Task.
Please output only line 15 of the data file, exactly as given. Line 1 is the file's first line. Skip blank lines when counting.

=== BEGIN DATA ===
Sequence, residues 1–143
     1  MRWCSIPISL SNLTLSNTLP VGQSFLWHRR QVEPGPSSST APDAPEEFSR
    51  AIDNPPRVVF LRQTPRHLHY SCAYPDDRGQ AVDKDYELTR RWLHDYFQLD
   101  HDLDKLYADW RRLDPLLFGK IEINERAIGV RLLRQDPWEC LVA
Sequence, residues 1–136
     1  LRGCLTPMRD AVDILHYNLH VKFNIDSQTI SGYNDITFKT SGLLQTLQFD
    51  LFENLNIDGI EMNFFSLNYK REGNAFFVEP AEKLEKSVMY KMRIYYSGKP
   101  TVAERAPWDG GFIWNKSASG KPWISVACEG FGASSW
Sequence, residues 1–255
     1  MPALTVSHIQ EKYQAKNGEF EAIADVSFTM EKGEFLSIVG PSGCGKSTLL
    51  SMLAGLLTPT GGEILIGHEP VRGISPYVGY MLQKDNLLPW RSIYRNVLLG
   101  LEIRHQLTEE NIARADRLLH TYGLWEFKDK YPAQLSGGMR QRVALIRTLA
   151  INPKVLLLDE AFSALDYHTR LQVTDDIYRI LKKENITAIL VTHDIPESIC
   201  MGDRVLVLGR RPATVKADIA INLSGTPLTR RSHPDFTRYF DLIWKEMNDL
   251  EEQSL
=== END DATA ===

   251  EEQSL